STARRED REVIEW
April 2014

Self-examination in the shadow of the Holocaust

By Peter Matthiessen
Review by

Who risks the most when a literary lion well into his ninth decade writes a novel? The legend, who is putting his legacy on the line, or the longtime reader, who shoulders the load of vicarious shame in the event the book is a mess?

With In Paradise, readers can rest assured the risk is worthwhile.

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Who risks the most when a literary lion well into his ninth decade writes a novel? The legend, who is putting his legacy on the line, or the longtime reader, who shoulders the load of vicarious shame in the event the book is a mess?

With In Paradise, readers can rest assured the risk is worthwhile. In fact, it feels that Peter Matthiessen’s more than 60 years of professional writing has led to this, his most deft exploration into that crimped, fallible piece of meat called the human heart. In a dark, powerful and relevant novel, Matthiessen takes on Auschwitz and its legacy.

Polish-born Clements Olin is a middle-aged American poet. His family fled Poland as the Nazis were invading. In 1996, he returns, joining scores of other visitors at the notorious death camp. For a week, they will pray, meditate and bear witness to the atrocities that took place there. They will sleep in the barracks where the guards once slept. They will try, ultimately, to make sense of the unknowable horror that affected their own lives.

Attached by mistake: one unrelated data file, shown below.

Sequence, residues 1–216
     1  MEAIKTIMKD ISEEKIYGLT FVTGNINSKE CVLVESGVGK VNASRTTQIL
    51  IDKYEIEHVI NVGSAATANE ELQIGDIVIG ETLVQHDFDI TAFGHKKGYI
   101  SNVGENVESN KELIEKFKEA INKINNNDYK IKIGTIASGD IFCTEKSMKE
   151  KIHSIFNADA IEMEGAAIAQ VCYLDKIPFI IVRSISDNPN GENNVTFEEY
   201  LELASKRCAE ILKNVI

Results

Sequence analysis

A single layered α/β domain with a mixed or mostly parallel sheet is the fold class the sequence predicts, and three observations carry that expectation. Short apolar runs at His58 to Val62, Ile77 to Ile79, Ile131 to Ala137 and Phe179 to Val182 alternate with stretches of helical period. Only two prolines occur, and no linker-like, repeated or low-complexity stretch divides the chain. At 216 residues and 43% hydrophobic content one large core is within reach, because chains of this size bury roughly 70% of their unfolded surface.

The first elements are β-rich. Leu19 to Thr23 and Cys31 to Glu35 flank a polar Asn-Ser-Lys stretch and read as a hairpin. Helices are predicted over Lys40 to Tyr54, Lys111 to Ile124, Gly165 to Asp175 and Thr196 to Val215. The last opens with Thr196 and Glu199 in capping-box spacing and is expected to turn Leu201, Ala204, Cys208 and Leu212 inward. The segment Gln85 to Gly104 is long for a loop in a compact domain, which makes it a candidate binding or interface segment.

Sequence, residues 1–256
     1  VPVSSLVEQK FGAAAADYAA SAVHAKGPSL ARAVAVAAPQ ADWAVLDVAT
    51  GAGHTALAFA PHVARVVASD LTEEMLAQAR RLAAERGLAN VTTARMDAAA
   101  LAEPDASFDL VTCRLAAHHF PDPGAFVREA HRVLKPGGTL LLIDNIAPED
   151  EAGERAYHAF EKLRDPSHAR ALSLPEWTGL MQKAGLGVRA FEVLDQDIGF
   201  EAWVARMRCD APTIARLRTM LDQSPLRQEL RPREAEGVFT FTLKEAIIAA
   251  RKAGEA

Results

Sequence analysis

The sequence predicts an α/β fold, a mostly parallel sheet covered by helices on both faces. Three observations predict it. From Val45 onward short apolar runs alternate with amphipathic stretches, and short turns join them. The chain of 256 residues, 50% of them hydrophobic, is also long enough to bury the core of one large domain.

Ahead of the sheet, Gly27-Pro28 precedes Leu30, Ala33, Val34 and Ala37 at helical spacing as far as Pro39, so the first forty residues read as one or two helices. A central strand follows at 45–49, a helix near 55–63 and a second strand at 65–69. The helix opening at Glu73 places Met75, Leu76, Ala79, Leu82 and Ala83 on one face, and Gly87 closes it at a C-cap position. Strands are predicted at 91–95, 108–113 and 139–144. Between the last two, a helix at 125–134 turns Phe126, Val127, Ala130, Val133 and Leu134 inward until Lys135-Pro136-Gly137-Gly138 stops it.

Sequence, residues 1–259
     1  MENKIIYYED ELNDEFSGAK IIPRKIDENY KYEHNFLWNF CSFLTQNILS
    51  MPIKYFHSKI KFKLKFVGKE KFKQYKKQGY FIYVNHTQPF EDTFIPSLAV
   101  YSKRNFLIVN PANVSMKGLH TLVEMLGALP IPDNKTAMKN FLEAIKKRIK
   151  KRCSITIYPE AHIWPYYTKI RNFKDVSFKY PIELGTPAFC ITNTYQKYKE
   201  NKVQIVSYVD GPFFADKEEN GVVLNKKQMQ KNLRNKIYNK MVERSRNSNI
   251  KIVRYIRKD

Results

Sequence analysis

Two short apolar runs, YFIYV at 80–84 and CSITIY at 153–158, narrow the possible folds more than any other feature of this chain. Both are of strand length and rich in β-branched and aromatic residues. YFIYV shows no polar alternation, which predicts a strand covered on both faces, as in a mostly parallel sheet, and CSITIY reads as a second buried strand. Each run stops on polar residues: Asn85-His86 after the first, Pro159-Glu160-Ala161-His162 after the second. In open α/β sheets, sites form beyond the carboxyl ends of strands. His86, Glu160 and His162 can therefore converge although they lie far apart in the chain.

Clements is a self-proclaimed observer. He listens to the arguments about good and bad Germans, the complicity of the Polish citizenry, the guilt and responsibility Jews have in their own annihilation. He strikes up a dangerously close-to-improper friendship with a Catholic novitiate, a joyless young woman whose outspoken condemnation of her church’s passive role in the Holocaust gets her into trouble.

But Clements is a sham. A gradual reveal shows us he has more ties to the camp than first thought. He is even more of a searcher than the others. He is looking for his past, and for answers to questions he knows he should have asked long ago.
It may be in dubious taste to refer to an 86-year-old as among the last of a dying breed, but Matthiessen, a three-time National Book Award winner—twice for the same book, The Snow Leopard—self-confessed spy and co-founder of the prestigious Paris Review, has made a career of following his curiosity around the globe. A naturalist as much as a novelist, he’s explored the animal kingdom in places so remote the fauna outnumbered the people. That is especially pertinent now, when a whole generation of authors considers the L train from Brooklyn into Manhattan a schlep.

This powerful, necessary novel is hard to take, yet impossible to turn away from. It doesn’t shy away from questioning the depths of human depravity, nor is it ashamed to admit that there are no real answers.

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In Paradise

In Paradise

By Peter Matthiessen
Riverhead
ISBN 9781594633171

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